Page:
*In a Farce the goal is to get ‘Big Laughs.’
*In a Mystery the goal is to induce as much tension into the audience as possible and keep them on the edge of their seats.
There are specific tools we give you to help you mold the audience and get the crowds laughing where you want them to, or move them to tears at a specific dramatic moment.
One of the main principles of the non-method acting technique used at The Heller Approach acting school pertains to ‘evoking emotion.’ Emotion is the intensity you feel in your body when you are angry, sad, happy, anxious, etc… It’s the intensity that you feel in every pore of your body when you are really happy. At the Academy we teach actors how to create this quality on command, in a very quick and reliable way.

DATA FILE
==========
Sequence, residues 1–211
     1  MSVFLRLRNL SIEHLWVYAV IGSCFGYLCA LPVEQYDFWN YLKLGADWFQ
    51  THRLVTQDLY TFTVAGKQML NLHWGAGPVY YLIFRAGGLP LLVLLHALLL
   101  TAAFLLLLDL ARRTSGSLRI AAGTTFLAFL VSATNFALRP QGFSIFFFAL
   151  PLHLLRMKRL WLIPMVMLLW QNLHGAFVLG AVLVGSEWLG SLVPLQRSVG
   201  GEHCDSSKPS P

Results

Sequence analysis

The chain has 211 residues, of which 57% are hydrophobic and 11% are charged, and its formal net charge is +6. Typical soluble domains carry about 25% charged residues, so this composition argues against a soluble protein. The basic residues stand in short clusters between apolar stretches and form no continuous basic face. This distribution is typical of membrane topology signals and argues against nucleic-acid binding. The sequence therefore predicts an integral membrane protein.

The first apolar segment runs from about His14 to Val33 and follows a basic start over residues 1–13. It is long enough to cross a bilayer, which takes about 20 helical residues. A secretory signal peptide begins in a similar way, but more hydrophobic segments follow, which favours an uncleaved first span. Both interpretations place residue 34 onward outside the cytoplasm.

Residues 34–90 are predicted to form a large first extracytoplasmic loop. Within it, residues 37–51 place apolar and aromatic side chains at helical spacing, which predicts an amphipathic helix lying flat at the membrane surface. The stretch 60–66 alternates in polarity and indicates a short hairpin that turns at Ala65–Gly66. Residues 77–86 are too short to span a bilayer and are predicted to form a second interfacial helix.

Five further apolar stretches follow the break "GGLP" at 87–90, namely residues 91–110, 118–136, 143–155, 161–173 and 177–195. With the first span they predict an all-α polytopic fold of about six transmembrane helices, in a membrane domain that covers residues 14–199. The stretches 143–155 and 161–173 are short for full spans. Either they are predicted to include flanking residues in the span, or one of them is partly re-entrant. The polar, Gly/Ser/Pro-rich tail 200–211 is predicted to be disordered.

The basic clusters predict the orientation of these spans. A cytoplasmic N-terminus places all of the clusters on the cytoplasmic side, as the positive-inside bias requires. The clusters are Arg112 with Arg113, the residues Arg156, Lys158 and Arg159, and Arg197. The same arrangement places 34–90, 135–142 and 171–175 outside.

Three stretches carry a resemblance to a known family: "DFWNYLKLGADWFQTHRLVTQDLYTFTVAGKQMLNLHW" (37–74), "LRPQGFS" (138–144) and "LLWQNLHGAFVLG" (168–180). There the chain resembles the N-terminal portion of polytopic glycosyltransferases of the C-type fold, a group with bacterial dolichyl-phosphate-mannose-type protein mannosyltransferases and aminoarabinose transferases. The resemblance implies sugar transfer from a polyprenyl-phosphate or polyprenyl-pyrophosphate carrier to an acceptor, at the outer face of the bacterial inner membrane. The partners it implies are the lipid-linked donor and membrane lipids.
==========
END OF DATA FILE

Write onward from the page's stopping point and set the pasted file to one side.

As actors, it doesn’t matter what we do to ‘jazz up a scene’ if it’s not real and believable. Remember that being real is acting. It’s not about ‘doing a tap dance.’ Although we address creating interesting moments in a scene to get laughs or create suspense, even more focus is placed on being a real person in the scene. You will ‘wow the audience’ by bringing yourself to the role and really believing that you are the character you’re playing in the given scene – reacting to the given circumstances as a real human being.
Teaching comedy is one of the things we specialize in. Many actors and comics come to us so that they can learn how to get laughs in a scene when they are playing a believable character. There are specific principles of comedy – from how to set up a joke, to specific tools to get the audience laughing exactly where you want them to. Comedy is like a science and needs to be very specific. The timing of a joke can make or break the moment. Acting in a comedic role can be a lot of fun when you know the tools; otherwise, it can be very intimidating.